You use the resonator in the the same way as the phase shifter: select all the filter markers so that they move in unison, then vary their frequencies. The resonator adds a sort of 'tuned' effect, as it emphasises those notes that fall within the response peaks.
As you spent all that time typing in frequencies, why not save this as a preset? Go to the Presets drop-down menu, select 'Add Preset', specify the bank where you want it to live, and you can use the same curve again in other projects.
Before leaving the world of phasers and resonators, I should mention one other response that gives some very interesting sounds: a combination of the phase shifter and resonator settings ('phasenator', perhaps), where there are three peaks and three valleys. The tone resembles some of the vintage, stomp box-type phasers that used lots of regeneration. Because of the peaks, you'll need to pull back on the output level, albeit not as much as with the resonator. (See screen above right.)
Changing The Display Resolution
We covered this trick in a more basic way in an early Sonar Notes, but that was before the Sonitus effects and the option to tie parameters easily to MIDI control, so it's time to revisit the subject.
The idea of sweeping an equaliser's band-pass filter to create wah-wah effects is not new, but most people find the end result unsatisfying compared to using a vintage wah-wah pedal. This is because in an EQ, frequencies above and below the peak remain at their normal levels, whereas with a wah-wah pedal, response progressively drops off either side of the peak. Fortunately, there's an easy way to simulate that effect.
Start by clicking on the track number (in the Track view) for the track you want to process, then select 'Clone Track'. This creates a copy in a separate track.
Now reverse the cloned track's phase by clicking on the track's phase button (Ø). If you play both tracks together, they should cancel and you'll hear no sound
Next, insert the EQ in the FX bin for the track you want to process, then open up the EQ's interface. A good starting point is to disable all the stages except for stage four.
Set response to Peak/Dip, Q to 7.9, and gain to 15dB or so. Sweep the frequency back and forth, and you'll hear a very cool wah-wah effect. And, of course, it's extremely editable — you can change bandwidth, sweep range, whatever you like.
But what's a wah-wah without a footpedal? We'll assume you have a synth in your studio somewhere that allows for footpedal control, so that when you move the footpedal, MIDI Continuous Controller #4 messages emanate from the synth's MIDI out. We can tie the two together with the real-time effects sliders that appear in the effects section (Sonar Producer only). However, there's a complication: you probably don't want the pedal to sweep the filter cutoff-frequency's full range, but only a portion of it. There's a way to do this, although it's a bit of a workaround.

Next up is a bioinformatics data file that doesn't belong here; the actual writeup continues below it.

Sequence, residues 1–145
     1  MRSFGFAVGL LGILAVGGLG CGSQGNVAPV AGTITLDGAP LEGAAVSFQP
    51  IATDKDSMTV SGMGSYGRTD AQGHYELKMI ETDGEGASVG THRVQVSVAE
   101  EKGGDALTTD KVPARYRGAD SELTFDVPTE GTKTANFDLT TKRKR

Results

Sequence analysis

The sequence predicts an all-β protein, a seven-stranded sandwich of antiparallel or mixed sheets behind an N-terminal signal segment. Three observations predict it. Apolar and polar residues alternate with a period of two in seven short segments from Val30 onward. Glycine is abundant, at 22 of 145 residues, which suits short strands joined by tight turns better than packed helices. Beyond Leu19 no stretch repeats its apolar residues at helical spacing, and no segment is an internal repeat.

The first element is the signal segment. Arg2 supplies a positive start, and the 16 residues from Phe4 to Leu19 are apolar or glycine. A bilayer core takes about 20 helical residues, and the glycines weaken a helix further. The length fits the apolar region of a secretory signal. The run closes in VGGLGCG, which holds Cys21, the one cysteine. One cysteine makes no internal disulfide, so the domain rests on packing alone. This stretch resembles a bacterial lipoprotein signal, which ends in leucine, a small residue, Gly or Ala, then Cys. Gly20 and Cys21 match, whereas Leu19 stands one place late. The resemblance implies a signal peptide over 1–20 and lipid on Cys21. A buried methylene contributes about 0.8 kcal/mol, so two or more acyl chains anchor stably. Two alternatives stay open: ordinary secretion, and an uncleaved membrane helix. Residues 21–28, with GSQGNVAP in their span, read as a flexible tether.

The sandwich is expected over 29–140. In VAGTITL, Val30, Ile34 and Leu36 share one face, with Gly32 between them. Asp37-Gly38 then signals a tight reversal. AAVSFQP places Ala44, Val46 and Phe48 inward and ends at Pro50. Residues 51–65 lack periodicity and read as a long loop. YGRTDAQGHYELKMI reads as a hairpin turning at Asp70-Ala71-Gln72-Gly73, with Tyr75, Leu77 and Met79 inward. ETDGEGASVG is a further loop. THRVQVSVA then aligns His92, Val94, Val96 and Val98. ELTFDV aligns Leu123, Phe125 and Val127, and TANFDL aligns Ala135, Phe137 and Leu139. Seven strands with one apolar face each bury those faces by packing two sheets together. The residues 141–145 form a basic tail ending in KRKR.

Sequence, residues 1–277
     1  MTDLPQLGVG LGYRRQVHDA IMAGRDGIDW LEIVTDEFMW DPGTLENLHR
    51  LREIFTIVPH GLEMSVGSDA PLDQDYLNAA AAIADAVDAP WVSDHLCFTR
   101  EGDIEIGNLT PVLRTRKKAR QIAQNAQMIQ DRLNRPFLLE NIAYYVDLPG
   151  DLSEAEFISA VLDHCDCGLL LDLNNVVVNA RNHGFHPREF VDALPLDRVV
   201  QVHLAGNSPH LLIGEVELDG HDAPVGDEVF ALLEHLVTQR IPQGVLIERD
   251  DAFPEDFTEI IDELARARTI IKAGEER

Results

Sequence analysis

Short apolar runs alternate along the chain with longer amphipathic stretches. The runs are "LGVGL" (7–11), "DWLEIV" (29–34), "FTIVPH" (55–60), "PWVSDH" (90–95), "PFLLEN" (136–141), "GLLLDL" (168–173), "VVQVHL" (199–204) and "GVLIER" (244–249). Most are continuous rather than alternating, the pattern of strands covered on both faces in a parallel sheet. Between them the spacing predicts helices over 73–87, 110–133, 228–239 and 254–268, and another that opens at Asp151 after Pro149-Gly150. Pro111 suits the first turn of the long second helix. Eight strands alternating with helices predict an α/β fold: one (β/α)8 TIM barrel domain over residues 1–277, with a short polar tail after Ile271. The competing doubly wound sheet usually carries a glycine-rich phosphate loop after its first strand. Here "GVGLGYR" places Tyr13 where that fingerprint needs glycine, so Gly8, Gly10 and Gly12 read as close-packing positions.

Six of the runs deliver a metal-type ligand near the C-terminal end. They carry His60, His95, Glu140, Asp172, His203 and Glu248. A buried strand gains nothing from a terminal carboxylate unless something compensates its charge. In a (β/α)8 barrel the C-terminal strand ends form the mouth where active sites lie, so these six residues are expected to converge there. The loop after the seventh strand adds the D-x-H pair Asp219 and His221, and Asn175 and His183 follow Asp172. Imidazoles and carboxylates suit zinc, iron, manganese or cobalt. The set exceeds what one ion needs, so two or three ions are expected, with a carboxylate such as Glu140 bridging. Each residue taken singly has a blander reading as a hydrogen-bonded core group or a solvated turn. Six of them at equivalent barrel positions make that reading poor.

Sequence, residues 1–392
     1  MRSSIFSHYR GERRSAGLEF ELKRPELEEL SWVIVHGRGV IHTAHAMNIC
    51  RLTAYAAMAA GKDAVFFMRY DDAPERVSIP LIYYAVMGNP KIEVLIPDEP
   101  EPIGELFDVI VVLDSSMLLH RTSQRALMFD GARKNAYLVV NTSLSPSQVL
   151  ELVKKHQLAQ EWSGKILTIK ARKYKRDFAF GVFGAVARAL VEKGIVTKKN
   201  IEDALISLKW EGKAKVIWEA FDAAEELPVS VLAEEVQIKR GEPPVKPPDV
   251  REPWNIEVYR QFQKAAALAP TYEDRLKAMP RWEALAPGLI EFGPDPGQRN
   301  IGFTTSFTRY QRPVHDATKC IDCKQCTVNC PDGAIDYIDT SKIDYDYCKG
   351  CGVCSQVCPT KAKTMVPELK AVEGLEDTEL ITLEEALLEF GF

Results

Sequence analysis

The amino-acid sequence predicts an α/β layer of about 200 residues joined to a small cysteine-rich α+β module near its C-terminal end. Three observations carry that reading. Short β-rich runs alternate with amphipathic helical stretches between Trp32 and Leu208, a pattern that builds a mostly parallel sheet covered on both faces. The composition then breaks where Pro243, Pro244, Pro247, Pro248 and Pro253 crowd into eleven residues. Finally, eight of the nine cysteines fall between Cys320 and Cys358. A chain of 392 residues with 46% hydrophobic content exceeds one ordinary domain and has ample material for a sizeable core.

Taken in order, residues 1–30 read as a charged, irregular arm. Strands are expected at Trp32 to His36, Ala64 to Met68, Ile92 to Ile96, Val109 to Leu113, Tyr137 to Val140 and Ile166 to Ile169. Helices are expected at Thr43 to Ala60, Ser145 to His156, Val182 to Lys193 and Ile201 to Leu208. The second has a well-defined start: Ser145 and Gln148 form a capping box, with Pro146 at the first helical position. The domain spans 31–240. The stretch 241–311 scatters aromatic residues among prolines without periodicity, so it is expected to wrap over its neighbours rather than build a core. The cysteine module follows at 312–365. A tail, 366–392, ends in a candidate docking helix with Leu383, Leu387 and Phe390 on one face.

In the Console view, make sure the real-time control sliders are visible underneath the FX bin containing the EQ plug-in. If they aren't, click on the mixer toolbar's FX button until they appear. They should default to showing (from top to bottom) Freq 1, Freq 2, Freq 3 and Freq 4. If you followed what was suggested above, the filter is being controlled by Freq 4 and all other frequencies are turned off. Move the Freq 4 slider to verify that the peak frequency is indeed controlled by the Freq 4 slider.
Right-click on the Freq 3 slider, and assign it to a Group. Then right-click on the Freq 4 slider and assign it to the same Group. Moving one should move the other one as well.
Now right-click on the Freq 4 slider, select Group Properties and click on the Custom button. Click on the upper line to select it, then type '0' into the Start Value box, and '127' into the End Value box. This ensures that slider three covers its full range. Next, click on the lower line to select it. To limit the range of Freq 4's slider, type '1' into the Start Value box and '15' into the End Value box, then click on OK. Vary the Freq 3 slider (not Freq 4 — remember, they're grouped together). The EQ's Freq 4 filter marker should move over a restricted range from 175 to about 2500Hz.
If you want to tweak the lower limit, move the Freq 3 slider all the way to the left (minimum value). Grab the Freq 4 filter marker on the EQ interface and move it where desired, or click on the Freq 4 numerical and drag it to the desired value. Then right-click on the Freq 4 slider, and select 'Set Start = Current'. Now, when you move the Freq 3 slider the Freq 4 filter marker should move over the newly-defined range. However, don't try this technique with the upper limit; for some reason, it doesn't seem to work.
Now we have Freq 4 moving over a limited range when the Freq 3 slider moves over its full range. The last step is to tie Freq 3 to a MIDI controller. (We don't want to assign the controller to Freq 4, because the MIDI controller is presumably generating the full range of MIDI controller values, and we want Freq 4 to vary over the limited range we specified, which it will do only as part of a Group.) Right-click on the Freq 3 slider and select 'Remote Control'. Move the pedal (or other hardware controller), then click on 'Learn'. Click on 'OK', and now the wah frequency should move over its intended range in response to the hardware controller.
If you really want to push the envelope, bear in mind that some of these techniques just beg to be used in stereo — in other words, clone a track, as with the wah-wah example, but don't invert its phase, and insert an EQ into each track. Set these both to do phase shifting, but have different rates and sweeps going on in the different channels...very psychedelic!
Compare & Contrast
A drop-down menu provides further functionality. Suppose you're comparing two curves, you have curve B selected, and you decide that you like B better than A — but you think you can still do better. On the drop-down menu, select Copy to A and the curve in Setup B will be duplicated in Setup A. Now you can keep tweaking B, safe in the knowledge that the original is safely stored in Setup B if you want to revert to it. Obviously, you can also copy the curve from Setup A into Setup B.
If you change your mind, Undo will work with this function, but (as always) it affects only the last operation. Also note that the Reset function, which flattens the gain at all frequency points, works independently for the two setups, so that you can reset one without disturbing the other.